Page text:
Research signifies that people who regularly smoke marijuana for certain years struggle with cognitive tasks more than those who either do not smoke cannabis or who do so infrequently and/or for shorter periods of time. According to one researcher speaking to Reuters Health, people who smoke marijuana occasionally and then give up the habit (“as most cannabis users do”) have a lower risk of developing problems with their thinking power and memory.
o Hallucinations, delusions and /or psychosis (When taken in high doses).
Long term effects of Cannabis use:
• In 2013, Rocio Martin-Santos, MD, PhD, at the University of Barcelona, and colleagues studied that chronic cannabis use provides consistent evidence of both structural brain abnormalities and altered neural activity in marijuana users. Marijuana use has been linked to mental health problems, such as disorganized thinking, paranoia, depression, anxiety, and suicidal thoughts among teens. However, study findings have been mixed.
• THC negatively affects the production of testosterone. It has been found through research that THC leads to a reduction in sperm motility, or a sperm’s ability to swim properly, which also contributes to male infertility (Fronczak, Kim, & Barqawi, 2012).
• Some studies suggest that if you carry certain genes you may be at increased risk for developing a psychiatric disorder. If you are amongst those specific genes carrier than you are 7 times more at the risk of developing psychosis. (NIDA, 2016; Caspi et al. 2005).
It also accounts for the high risk of anxiety and depression.
• Basal ganglia and cerebellum both are responsible for movement, coordination and balance. THC disrupts functions of both. National Institute on drug abuse has reported that marijuana use can lead to decreased motor responses. It can cause impairs if motor coordination and reaction time. (For instance, impact on driving).
• Research findings report that people who start using marijuana at the age of 16 or younger demonstrate brain variation that indicates affected brain development in the prefrontal cortex which is responsible for complex thinking, judgement and reasoning. People who start using marijuana after the age of 16 experience accelerated brain ageing.
People are complex and life is messy sometimes so there’s no “one answer” for everyone. However social sciences aim at formulating a hypothesis and testing it on a sample group that represents the population. Thus the findings from the research studies mentioned above demonstrate the impact of cannabis on a sample that represents the population.
BATES, B. (2010). Depression Tends to Follow Cannabis Use. Internal Medicine News, 43(3), 26. doi:10.1016/s1097-8690(10)70153-0
Blakemore, S., Dahl, R., Frith, U., & Pine, D. (2011). Developmental cognitive neuroscience. Developmental Cognitive Neuroscience, 1(1), 3-6. doi:10.1016/j.dcn.2010.08.003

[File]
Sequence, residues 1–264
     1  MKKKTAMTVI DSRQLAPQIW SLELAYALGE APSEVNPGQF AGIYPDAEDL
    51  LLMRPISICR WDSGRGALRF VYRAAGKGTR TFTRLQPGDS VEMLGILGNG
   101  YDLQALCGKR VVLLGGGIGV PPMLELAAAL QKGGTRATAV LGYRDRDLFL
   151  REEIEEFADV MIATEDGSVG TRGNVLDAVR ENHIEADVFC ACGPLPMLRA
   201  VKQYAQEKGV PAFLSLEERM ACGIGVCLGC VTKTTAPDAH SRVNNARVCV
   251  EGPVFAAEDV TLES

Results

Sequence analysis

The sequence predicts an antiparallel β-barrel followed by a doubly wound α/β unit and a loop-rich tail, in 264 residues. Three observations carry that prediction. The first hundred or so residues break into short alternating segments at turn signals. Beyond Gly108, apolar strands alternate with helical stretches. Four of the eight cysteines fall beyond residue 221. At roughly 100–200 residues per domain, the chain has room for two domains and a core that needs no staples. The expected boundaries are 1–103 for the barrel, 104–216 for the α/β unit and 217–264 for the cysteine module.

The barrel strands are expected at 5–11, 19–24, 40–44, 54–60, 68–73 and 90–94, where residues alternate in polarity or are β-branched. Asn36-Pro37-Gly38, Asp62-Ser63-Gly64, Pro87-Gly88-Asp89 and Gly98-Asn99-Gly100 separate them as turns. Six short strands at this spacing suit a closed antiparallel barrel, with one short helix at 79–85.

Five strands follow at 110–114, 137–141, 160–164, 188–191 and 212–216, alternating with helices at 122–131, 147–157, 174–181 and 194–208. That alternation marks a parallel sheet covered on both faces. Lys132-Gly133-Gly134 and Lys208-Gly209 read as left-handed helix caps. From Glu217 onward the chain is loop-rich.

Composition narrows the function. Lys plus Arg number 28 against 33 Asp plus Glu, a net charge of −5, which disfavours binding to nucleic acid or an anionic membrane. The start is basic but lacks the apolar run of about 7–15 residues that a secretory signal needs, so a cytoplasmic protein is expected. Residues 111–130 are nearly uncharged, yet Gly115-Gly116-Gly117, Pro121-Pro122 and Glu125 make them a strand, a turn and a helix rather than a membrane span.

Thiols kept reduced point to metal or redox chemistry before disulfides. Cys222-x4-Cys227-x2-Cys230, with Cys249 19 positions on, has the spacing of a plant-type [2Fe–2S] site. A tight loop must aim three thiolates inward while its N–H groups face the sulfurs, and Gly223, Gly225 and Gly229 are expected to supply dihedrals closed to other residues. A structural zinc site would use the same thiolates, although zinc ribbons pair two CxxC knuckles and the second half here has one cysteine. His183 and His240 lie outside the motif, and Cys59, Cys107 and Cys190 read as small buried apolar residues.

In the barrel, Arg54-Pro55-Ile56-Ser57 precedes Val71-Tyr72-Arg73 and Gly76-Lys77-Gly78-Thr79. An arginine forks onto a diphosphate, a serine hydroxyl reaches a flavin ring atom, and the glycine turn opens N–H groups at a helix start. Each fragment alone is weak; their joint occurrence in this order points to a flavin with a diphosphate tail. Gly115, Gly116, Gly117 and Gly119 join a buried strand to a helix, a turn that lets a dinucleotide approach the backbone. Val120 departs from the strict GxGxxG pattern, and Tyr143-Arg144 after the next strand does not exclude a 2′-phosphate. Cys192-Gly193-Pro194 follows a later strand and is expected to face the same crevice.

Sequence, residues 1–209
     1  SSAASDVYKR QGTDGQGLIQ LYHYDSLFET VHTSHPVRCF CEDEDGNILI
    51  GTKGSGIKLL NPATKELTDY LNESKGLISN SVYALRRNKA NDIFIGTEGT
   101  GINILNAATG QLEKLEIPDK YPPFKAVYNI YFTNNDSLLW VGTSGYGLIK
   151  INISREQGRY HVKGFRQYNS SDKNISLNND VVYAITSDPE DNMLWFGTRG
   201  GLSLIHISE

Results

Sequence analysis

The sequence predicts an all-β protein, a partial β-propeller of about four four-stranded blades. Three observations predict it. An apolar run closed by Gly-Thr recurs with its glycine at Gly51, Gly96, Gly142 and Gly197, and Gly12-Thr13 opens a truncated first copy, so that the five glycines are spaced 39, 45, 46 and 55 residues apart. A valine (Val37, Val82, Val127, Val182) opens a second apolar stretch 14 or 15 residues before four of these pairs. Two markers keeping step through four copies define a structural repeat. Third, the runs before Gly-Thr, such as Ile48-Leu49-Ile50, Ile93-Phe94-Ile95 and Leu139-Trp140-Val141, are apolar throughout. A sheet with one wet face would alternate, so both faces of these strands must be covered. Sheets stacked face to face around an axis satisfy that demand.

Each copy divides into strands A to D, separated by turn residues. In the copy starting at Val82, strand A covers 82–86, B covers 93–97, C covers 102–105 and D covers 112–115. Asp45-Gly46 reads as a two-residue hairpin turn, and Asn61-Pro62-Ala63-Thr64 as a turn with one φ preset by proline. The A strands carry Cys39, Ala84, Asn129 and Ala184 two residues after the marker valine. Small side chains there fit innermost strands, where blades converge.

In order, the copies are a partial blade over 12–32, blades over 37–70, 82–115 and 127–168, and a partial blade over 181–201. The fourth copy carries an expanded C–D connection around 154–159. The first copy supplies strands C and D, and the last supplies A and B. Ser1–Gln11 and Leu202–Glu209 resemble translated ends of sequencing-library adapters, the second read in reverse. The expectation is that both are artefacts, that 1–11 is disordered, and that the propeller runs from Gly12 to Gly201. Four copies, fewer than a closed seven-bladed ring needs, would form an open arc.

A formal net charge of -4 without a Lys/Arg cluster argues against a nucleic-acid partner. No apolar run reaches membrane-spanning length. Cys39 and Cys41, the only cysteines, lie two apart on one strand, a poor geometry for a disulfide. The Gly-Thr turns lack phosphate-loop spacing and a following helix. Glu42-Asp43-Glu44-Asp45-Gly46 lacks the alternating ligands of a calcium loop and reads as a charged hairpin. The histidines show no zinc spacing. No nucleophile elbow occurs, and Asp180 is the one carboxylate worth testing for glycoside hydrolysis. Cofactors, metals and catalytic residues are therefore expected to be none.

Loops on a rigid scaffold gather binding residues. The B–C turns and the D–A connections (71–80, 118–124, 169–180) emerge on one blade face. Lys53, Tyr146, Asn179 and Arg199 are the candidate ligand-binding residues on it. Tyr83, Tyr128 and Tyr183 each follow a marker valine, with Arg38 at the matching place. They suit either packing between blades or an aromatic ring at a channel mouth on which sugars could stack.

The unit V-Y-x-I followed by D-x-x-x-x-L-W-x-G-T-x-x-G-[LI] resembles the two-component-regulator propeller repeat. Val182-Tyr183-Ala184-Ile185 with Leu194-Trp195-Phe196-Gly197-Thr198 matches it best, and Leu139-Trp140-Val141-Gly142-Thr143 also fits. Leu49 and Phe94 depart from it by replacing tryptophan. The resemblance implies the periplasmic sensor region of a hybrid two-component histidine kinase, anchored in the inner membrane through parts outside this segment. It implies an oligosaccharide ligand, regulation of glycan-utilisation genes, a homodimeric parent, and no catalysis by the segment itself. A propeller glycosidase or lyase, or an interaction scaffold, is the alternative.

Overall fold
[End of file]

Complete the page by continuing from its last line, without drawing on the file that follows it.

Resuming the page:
Cannon, M., Arseneault, L., Poulton, R., Murray, R., Caspi, A., & Moffitt, T. (2003). Cannabis use in adolescence and risk for adult psychosis: A birth cohort study. Schizophrenia Research, 60(1), 35. doi:10.1016/s0920-9964(03)80102-0
Crane, N., Schuster, R. M., Mermelstein, R. J., & Gonzalez, R. (2014). Neuropsychological and Affective Sex Differences in Cannabis Users. PsycEXTRA Dataset. doi:10.1037/e534632014-001
Fronczak, C. M., Kim, E. D., & Barqawi, A. B. (2011). The Insults of Illicit Drug Use on Male Fertility. Journal of Andrology, 33(4), 515-528. doi:10.2164/jandrol.110.011874
McClure, E. A., Lydiard, J. B., Goddard, S. D., & Gray, K. M. (2015). Objective and subjective memory ratings in cannabis-dependent adolescents. The American Journal on Addictions, 24(1), 47-52. doi:10.1111/ajad.12171
I did a poll on Instagram about same issue:
Results shows that people are still not aware about the addiction of this substance or they are not ready to accept it. Few questions which can help you to decided if you are addicted to marijuana/weed or not-
- Do you smoke daily? (if yes, you are an addict)
- Do you feel like smoking up daily? (if yes, you are on your way to become an addict)
- Do you disregard or force people who avoid smoking marijuana/weed? (if yes, you are an addict)
- Do you think by smoking it daily, it will act like some kind of magic herb which will solve all your ongoing issues like bad relationship or anxiety or depression or fat loss? (if yes, you have traces of addiction)
- Is it your escape from reality? (if yes, you are an addict)
- Can you quit it? (if yes. Do it now!)
The problem with such mind altering substances is that we ignore the limits of adding these things in our body. Just like too much of caffeine or nicotine or any other herb can cause issues, same goes with marijuana. Few substances are rather helpful if you micro dose it. (just a hint – you can google and learn about it more).
Hit me up on my Email or DM me on Instagram for further discussion.
One thought on “Weed/Marijuana Addiction and Acceptance.”
Reblogged this on Snehal Singh and commented:
Guest blogger on Chirag Barjatya’s blog.